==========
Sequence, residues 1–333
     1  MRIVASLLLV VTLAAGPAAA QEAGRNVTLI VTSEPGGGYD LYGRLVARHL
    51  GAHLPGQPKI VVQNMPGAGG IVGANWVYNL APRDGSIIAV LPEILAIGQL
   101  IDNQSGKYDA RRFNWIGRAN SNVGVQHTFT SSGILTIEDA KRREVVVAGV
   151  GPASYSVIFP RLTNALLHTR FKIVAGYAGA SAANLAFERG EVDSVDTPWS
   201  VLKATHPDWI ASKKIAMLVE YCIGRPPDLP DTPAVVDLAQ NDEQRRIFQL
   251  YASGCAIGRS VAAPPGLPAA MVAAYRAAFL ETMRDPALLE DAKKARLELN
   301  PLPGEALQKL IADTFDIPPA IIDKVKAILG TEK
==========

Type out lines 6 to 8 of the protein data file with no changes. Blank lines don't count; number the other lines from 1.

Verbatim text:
   201  VLKATHPDWI ASKKIAMLVE YCIGRPPDLP DTPAVVDLAQ NDEQRRIFQL
   251  YASGCAIGRS VAAPPGLPAA MVAAYRAAFL ETMRDPALLE DAKKARLELN
   301  PLPGEALQKL IADTFDIPPA IIDKVKAILG TEK